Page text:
Ethical Stem Cells: Back to Basics
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The California Institute for Regenerative Medicine’s (CIRM) initial round of grants for 2014 provides an interesting perspective on a pattern of research funding that has emerged at CIRM in recent years.
That pattern, as several analyses done by the Lozier Institute of CIRM’s grant making reveal (here, here and here), shows a discernible trend away from funding ethically contentious human embryonic stem cell research (hESCR) and somatic cell nuclear transfer (SCNT, i.e. human cloning for research) and increased funding for ethically non-controversial adult stem cell research and other alternatives to hESCR.
Nor is CIRM alone in this movement towards favoring non-hESCR (here, and here). But what makes this development even more significant in CIRM’s case is that the Institute was established by voter referendum for the very purpose of giving priority to funding for hESCR.
CIRM’s most recent round of grants in January of this year again shows that, operationally at least, funding for hESCR is no longer a governing priority there.
The grants fall under the category of “Basic Biology.” In announcing the awards, CIRM explained that they “go to researchers trying to advance the field by tackling significant, unresolved issues in human stem cell biology.” This is in contrast to most of the grants CIRM has awarded in recent years, which favored projects not just because they utilized hESCs, but rather because they were judged to have the greatest promise to reach clinical trials in the shortest time frame feasible. A growing majority of these grants have gone to non-hESCR projects.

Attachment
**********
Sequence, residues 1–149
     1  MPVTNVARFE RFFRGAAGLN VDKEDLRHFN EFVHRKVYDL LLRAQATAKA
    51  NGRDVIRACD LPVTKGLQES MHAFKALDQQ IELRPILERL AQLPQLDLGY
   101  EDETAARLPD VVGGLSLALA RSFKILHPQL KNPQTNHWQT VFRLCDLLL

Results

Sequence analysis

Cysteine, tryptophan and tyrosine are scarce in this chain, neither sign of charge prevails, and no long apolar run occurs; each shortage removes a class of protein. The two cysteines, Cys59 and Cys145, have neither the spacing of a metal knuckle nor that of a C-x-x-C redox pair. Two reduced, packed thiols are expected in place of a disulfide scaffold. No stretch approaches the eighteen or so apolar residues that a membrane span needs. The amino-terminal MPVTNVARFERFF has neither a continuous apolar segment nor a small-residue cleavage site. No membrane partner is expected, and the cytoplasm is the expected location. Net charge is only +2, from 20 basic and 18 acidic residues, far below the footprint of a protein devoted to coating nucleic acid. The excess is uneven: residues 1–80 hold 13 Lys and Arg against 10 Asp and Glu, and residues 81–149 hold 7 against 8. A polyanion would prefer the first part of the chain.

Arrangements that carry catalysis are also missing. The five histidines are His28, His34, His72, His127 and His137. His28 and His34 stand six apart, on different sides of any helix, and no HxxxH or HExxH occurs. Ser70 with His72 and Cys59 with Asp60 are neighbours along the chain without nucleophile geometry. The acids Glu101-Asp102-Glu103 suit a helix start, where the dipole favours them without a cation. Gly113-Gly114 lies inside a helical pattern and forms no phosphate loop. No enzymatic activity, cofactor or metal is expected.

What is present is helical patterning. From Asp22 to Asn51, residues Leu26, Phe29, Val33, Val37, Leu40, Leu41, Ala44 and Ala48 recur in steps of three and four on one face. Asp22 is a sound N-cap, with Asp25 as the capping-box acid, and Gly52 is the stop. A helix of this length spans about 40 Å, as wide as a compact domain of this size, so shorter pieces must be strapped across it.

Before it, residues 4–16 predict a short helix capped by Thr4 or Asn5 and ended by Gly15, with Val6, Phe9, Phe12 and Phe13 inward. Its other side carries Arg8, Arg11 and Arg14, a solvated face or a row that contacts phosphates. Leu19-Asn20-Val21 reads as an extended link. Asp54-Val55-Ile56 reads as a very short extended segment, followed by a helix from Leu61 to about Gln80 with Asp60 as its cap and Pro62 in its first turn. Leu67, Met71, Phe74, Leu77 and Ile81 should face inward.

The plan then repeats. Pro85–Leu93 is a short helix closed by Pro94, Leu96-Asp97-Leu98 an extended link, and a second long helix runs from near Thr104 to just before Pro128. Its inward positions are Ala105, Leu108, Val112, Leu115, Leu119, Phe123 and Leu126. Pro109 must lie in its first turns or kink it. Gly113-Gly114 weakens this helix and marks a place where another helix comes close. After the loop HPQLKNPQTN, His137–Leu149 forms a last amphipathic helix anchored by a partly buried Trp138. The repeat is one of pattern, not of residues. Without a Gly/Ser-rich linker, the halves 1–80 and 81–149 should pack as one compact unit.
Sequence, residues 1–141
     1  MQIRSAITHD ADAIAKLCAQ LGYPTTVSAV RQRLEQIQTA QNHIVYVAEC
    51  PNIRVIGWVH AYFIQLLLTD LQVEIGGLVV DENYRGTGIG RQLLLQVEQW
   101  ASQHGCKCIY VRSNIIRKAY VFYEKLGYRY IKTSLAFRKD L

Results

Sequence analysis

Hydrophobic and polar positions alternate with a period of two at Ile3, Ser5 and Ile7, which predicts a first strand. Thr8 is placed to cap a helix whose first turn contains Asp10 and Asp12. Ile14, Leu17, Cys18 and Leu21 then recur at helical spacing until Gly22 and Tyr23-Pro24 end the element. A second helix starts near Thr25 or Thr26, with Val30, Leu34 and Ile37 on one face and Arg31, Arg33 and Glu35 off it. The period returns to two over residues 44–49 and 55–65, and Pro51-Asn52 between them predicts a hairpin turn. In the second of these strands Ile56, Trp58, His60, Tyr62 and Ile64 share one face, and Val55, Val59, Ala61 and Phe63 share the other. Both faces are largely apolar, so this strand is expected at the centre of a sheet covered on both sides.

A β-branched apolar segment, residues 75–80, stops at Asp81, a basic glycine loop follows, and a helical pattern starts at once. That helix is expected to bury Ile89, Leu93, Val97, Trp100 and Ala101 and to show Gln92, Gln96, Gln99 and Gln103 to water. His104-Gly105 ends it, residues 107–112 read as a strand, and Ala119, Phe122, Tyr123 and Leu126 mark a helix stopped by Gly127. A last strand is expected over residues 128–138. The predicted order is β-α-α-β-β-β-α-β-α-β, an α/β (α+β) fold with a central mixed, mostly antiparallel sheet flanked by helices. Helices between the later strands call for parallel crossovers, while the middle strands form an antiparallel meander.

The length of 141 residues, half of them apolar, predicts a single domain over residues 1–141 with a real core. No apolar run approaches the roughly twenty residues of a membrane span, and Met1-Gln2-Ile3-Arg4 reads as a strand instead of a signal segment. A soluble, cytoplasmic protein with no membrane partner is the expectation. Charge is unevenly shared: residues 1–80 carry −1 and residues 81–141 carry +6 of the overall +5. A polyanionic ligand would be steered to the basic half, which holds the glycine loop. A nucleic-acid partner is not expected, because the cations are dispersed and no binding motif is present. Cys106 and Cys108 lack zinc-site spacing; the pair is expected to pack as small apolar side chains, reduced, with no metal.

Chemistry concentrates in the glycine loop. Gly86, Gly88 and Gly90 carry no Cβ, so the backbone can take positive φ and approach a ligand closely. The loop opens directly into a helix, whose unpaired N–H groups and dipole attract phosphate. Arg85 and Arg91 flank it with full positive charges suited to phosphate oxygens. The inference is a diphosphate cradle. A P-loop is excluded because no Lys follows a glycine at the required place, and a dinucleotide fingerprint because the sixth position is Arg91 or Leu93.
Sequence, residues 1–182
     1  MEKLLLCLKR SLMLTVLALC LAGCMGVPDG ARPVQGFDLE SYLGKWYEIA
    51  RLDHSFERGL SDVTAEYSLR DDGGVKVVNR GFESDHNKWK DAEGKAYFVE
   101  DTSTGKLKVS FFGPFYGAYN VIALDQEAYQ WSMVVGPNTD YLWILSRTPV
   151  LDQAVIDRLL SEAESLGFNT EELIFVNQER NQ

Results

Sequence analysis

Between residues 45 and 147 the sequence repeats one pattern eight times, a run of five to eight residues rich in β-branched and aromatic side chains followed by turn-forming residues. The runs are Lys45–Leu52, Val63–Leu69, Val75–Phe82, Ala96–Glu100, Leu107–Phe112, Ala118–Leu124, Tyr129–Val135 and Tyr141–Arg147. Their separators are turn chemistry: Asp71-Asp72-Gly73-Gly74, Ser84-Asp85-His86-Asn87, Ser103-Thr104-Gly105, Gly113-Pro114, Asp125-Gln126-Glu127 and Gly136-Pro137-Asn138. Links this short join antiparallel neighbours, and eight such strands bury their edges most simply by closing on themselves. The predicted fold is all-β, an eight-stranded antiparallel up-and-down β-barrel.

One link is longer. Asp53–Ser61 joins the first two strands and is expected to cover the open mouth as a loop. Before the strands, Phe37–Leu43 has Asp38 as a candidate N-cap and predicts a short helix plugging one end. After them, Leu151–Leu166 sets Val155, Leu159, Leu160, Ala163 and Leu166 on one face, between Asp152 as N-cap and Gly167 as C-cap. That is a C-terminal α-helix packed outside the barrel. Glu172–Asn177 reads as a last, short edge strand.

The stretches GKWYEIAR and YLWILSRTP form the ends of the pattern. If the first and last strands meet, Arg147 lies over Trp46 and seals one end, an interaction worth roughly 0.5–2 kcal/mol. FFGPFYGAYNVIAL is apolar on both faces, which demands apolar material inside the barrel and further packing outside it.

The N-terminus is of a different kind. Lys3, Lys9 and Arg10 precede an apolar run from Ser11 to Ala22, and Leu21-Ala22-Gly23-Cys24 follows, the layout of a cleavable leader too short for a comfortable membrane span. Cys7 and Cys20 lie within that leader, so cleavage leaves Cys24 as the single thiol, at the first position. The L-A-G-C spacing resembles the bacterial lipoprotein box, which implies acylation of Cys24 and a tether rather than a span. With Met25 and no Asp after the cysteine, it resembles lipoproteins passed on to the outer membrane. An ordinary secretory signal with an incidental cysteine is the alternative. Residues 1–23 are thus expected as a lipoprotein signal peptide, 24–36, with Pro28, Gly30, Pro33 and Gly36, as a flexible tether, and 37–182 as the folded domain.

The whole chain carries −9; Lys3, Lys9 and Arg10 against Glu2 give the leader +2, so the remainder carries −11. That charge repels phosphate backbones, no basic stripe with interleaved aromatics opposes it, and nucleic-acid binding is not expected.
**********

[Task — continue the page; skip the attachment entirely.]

On the other hand, as their name implies, Basic Biology grants are intended to support more immediate research into the workings of stem cells, with clinical trials a more distant goal. As Jonathan Thomas, Chair of CIRM’s governing board, noted, “Only by this deeper understanding at the basic level can we hope to advance research at more advanced levels.”
The Basic Biology grants announced on January 29 were the fifth round of such grants since the initial ones awarded in 2009. Of 24 grants awarded, 13 went to non-hESCR projects for a total of $12.3 million. Eight grants went to research using hESCs alone for a total of $8.7 million (the remaining six projects utilized both embryonic and non-embryonic stem cells). Thus, of the money awarded to projects using hESCs alone, or that were non-hESCR alone, the non-embryonic amounted to 58%, hESCR 42%.
While in this latest round of grants the gap between funding for non-embryonic and hESCR is not as great as seen in other grant categories, the purpose of the grants must be taken into account. When the purpose of the grants was clinical/translational (i.e., leading to clinical trials as quickly as possible), non- hESCR projects have been clearly preferred for funding over those utilizing hESCs. However, when reaching clinical trials is a more distant concern– as in the category of Basic Biology grants– there is more leeway to fund hESCR, though still to a lesser extent than the alternatives. Nonetheless, it is noteworthy that even in the area of basic stem cell science, adult and other non-hESCR avenues of research are now receiving the greater share of the funding.